Italian national pride on display as political crisis ends

ROME — Italy’s new populist leaders promised to get to work creating jobs and curbing illegal migration as they made their first official outing Saturday at the symbolically-rich anniversary commemorations of the founding of the Italian republic.

Premier Giuseppe Conte and his newly sworn-in Cabinet had places of honour to view the pomp-filled military parade and Italy’s aeronautic acrobatic squad. The planes flew low and loud over downtown Rome trailing smoke in the red, white and green of the Italian flag.

The Italian national pride on display is a feature of every Republic Day, but it took on a particular significance this year after Italy on Friday ended three months of political and financial turmoil and swore in a government whose populist and euroskeptic leanings have alarmed Europe.

Conte, a law professor plucked from relative obscurity to head an unlikely governing alliance of the anti-establishment 5-Star Movement and right-wing League party, said the celebrations Saturday transcended all the tensions of recent days.

“It’s the celebration for all of us, of our republic,” he said.

President Sergio Mattarella placed a wreath at the tomb of the unknown soldier.

Republic Day commemorates the day, June 2, 1946, when Italians voted in a referendum to abolish the monarchy in favour of a republic, Italy’s first.

The political upheaval that has created western Europe’s first populist government this week has been dubbed Italy’s Third Republic.

Conte’s Cabinet was sworn in Friday after a last-minute deal averted the threat of a new election that had sent stock markets around the world tumbling. The political stability brought financial relief, but Italy’s European neighbours continued to express their concerns about the euroskeptic bent and the heavy spending plans of the 5-Star-League agenda.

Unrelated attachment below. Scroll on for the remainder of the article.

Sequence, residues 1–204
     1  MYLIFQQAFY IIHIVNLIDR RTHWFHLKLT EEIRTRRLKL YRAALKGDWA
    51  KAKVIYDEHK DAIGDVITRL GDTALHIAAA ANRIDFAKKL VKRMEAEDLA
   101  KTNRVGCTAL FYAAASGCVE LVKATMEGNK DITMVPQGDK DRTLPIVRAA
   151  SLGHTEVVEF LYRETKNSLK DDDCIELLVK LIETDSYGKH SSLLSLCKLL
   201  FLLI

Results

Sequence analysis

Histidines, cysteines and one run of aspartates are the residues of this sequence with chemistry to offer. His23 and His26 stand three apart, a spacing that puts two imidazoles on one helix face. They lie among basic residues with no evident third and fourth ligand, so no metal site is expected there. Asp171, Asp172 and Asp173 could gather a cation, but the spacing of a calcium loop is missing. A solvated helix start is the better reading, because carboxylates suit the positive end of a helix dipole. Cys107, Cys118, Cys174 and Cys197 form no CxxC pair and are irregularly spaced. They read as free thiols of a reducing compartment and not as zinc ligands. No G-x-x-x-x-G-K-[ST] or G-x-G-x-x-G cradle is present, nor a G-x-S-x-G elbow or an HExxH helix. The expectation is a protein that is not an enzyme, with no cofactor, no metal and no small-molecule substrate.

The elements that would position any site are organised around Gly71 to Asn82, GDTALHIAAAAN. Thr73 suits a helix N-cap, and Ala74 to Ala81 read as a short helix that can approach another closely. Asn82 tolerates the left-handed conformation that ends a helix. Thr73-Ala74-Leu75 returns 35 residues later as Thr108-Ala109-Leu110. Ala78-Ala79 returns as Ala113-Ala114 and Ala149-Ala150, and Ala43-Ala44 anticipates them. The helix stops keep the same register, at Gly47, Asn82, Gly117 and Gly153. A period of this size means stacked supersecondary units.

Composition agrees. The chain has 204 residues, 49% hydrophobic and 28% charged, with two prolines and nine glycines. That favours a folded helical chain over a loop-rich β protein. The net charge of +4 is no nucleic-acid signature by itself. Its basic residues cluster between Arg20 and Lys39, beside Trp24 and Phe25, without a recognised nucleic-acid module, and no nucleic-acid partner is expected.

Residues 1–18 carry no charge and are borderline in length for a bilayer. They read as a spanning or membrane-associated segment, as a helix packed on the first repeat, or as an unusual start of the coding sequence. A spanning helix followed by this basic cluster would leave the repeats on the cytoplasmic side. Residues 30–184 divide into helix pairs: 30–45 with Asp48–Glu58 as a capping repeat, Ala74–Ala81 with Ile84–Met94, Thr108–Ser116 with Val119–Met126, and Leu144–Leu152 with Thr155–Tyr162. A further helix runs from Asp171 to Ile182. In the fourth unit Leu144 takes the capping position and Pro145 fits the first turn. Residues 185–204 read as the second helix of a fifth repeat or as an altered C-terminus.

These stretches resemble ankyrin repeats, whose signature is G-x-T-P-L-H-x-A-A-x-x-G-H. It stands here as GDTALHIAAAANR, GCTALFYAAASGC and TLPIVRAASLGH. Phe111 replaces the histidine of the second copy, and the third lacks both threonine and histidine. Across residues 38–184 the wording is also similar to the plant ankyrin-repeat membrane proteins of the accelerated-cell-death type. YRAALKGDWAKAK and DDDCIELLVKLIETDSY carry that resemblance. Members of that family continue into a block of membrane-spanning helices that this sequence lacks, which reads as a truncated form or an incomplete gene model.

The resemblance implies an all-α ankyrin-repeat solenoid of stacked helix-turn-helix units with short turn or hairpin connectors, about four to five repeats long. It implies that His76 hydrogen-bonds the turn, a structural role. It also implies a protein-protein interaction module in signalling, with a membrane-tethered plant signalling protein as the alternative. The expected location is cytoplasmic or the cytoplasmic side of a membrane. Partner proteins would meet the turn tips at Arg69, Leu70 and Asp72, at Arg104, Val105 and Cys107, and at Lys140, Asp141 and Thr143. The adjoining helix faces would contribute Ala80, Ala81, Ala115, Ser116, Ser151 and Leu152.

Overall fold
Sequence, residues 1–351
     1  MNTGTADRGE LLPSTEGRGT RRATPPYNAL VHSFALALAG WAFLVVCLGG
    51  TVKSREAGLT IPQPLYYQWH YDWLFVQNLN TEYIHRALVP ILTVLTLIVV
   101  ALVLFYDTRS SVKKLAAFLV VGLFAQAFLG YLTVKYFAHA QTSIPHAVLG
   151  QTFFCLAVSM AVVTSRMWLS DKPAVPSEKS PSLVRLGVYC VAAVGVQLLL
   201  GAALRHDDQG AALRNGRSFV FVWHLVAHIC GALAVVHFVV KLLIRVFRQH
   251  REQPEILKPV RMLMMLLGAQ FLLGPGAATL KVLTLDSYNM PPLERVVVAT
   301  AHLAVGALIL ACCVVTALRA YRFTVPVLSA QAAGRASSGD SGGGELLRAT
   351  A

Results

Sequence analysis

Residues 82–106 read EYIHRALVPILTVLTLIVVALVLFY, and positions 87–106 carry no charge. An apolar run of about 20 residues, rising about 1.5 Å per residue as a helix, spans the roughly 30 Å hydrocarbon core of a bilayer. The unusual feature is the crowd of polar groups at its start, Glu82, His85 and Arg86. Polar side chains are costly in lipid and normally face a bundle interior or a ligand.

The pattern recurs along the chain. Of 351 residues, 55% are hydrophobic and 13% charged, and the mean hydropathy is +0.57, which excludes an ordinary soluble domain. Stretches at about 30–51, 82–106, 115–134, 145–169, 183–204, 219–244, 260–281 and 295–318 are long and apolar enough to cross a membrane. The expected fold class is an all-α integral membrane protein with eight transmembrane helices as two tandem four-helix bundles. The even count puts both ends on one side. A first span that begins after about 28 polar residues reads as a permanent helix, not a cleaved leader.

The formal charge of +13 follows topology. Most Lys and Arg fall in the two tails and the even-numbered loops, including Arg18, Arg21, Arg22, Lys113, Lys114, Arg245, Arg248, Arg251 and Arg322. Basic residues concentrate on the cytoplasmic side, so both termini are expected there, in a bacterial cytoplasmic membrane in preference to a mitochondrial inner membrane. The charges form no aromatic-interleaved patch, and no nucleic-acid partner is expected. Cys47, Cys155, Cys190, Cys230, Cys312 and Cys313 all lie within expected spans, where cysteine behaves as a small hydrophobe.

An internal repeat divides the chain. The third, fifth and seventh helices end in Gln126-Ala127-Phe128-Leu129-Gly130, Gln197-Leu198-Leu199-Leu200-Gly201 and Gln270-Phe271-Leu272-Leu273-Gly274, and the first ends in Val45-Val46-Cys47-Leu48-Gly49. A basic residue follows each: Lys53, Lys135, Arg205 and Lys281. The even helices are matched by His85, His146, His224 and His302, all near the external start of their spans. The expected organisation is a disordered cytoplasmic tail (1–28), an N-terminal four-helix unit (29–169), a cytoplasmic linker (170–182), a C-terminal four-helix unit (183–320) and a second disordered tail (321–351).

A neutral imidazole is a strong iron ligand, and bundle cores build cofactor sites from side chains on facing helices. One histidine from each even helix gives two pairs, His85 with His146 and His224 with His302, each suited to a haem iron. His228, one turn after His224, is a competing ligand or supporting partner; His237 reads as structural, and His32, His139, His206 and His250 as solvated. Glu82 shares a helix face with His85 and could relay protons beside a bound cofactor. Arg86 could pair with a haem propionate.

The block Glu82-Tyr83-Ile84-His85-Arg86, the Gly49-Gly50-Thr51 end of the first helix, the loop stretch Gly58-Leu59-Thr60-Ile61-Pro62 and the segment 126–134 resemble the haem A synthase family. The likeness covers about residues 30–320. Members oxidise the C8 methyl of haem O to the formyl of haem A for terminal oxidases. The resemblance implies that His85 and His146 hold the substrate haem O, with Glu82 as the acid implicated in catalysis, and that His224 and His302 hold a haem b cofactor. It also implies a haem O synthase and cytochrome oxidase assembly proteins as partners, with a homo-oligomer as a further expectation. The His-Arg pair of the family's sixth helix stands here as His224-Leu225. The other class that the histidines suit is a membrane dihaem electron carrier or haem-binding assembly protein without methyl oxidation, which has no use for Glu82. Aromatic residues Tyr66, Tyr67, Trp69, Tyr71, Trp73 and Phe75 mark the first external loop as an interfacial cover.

“Italy is destroying itself — and dragging down Europe with it,” read the headline of Germany’s Der Spiegel magazine, the cover of which featured a forkful of spaghetti with one dangling strand tied up as a noose.

Conte left policy specifics to the drivers of his improbable rise, with 5-Star leader Luigi Di Maio reporting for work after the parade to the ministry of economic development, which would have otherwise been closed for the national holiday.

“Starting today, we get to work to create work,” Di Maio said in a Facebook video giving Italians a tour of the empty ministry. Di Maio is also minister of labour, a combination he said made sense since the two ministries must work together.

League leader Matteo Salvini, meanwhile, had a series of rallies in northern Italy. He heads Sunday to Sicily, the destination for most of the hundreds of thousands of migrants who have arrived in Italy in recent years after setting off on smugglers’ boats from lawless Libya.

“We have to improve deals with countries of origin,” Salvini said.

Ex-Premier Silvio Berlusconi, meanwhile, vowed that his right-wing Forza Italia party would vote against the government in next week’s mandatory confidence votes in parliament.

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